2–4. Render two default ToDo items; Render an input field for typing up new ToDo items; Render an ‘Add’ button for adding ToDo items.

Jest

Jest
Testing Library

Cypress

Cypress

5–7. If the ‘Add’ button is pressed but the input field is empty, prevent a new ToDo item from being created; If the ‘Add’ button is pressed but the input field is empty, show an alert to the user; If the ‘Add’ button is pressed and the input field has content, add a new ToDo item.

Jest

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Testing Library

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Cypress

8–9. When the ‘Delete’ button is pressed for a single ToDo item, remove that ToDo item from the App; From the two default items in ToDo, if the first ToDo item has been removed from the app, the second item should now become the first (and only) item.

Jest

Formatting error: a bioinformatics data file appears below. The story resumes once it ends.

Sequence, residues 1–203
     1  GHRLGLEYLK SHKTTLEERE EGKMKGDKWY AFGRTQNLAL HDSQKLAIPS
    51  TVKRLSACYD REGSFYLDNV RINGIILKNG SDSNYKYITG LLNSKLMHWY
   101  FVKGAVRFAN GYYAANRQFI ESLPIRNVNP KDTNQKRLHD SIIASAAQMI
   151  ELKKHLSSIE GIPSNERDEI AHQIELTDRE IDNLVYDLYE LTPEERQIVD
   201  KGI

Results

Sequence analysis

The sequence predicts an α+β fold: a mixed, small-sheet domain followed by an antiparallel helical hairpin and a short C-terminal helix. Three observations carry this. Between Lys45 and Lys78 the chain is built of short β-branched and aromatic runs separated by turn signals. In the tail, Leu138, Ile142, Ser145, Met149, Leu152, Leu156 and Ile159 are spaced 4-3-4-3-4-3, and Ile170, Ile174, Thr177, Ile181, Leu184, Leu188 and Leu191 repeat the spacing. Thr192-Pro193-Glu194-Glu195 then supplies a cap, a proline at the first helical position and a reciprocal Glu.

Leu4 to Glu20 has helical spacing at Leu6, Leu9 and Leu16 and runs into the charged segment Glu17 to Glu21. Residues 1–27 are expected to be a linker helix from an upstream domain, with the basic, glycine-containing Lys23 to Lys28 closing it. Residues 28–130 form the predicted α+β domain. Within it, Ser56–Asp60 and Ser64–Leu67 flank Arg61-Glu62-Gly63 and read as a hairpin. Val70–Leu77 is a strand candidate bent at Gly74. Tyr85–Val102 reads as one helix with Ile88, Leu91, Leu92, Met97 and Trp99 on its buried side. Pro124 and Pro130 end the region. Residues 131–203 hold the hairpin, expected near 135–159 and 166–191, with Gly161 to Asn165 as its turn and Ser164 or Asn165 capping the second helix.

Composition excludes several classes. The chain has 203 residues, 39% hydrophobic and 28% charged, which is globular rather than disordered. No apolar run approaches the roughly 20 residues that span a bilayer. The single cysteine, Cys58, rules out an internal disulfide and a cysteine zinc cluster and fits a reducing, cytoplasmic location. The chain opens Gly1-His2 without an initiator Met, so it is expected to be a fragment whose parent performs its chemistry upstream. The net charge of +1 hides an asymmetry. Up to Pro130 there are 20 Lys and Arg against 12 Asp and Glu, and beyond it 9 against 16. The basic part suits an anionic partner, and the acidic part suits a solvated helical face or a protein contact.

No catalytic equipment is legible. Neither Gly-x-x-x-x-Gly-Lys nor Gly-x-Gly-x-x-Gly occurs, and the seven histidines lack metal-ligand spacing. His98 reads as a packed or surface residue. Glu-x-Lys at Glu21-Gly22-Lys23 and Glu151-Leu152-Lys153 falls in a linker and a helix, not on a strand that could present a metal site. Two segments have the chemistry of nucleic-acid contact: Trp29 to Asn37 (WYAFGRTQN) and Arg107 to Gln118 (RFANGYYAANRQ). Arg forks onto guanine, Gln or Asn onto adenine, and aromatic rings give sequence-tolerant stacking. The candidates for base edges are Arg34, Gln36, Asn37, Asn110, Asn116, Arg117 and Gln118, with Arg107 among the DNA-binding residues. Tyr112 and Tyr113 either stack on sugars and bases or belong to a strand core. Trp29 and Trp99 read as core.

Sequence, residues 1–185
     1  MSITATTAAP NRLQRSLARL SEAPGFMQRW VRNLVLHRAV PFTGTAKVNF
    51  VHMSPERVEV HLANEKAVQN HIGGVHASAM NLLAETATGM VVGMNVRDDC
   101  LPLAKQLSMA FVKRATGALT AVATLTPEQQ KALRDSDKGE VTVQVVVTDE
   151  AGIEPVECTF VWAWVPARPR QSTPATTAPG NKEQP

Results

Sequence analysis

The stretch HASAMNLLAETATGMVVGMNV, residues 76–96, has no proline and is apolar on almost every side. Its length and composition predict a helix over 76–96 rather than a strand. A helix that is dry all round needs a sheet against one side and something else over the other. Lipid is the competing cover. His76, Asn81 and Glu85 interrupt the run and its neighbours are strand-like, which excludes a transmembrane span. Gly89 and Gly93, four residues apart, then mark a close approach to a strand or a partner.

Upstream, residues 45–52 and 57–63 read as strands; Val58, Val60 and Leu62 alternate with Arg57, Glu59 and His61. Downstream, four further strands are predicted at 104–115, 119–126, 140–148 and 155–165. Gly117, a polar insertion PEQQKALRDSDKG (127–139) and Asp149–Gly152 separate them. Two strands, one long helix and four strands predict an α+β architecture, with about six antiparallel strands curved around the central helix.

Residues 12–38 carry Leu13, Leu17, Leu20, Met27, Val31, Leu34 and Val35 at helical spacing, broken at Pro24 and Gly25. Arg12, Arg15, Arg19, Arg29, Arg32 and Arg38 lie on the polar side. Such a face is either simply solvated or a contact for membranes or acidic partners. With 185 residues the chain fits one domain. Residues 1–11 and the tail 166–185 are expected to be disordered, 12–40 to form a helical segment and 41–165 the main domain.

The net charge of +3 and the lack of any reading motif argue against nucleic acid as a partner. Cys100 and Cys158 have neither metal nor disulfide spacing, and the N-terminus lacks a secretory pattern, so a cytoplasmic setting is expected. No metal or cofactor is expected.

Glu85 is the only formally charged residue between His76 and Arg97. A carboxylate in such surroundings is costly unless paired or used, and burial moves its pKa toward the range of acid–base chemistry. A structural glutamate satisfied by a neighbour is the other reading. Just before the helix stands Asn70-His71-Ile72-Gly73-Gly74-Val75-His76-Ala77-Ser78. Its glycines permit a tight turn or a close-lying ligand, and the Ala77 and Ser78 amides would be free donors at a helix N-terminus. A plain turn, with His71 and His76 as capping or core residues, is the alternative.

Testing Library

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Cypress

10–11. For the data being passed down from ToDo to ToDoItem as props, each ToDoItem should render the text that was passed down to it; Each ToDoItem should render a ‘Delete’ button.

Jest

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Remember that our item variable is an object with a key of text and a value of “Clean the pot”.

Testing Library

Cypress

We don’t have tests for this. The reason being that we run these tests in a real browser, and therefore, cannot simulate passing dummy data in this way. This is not really a problem though as being able to visually see our two previous To Do Items in the browser sufficiently demonstrates that our data is being passed in properly and in the correct format.

And there we have it 🎉

We have shown you how to write over ten equivalent tests written with three different testing tools!

Interested in checking out the code?

Here are the repos: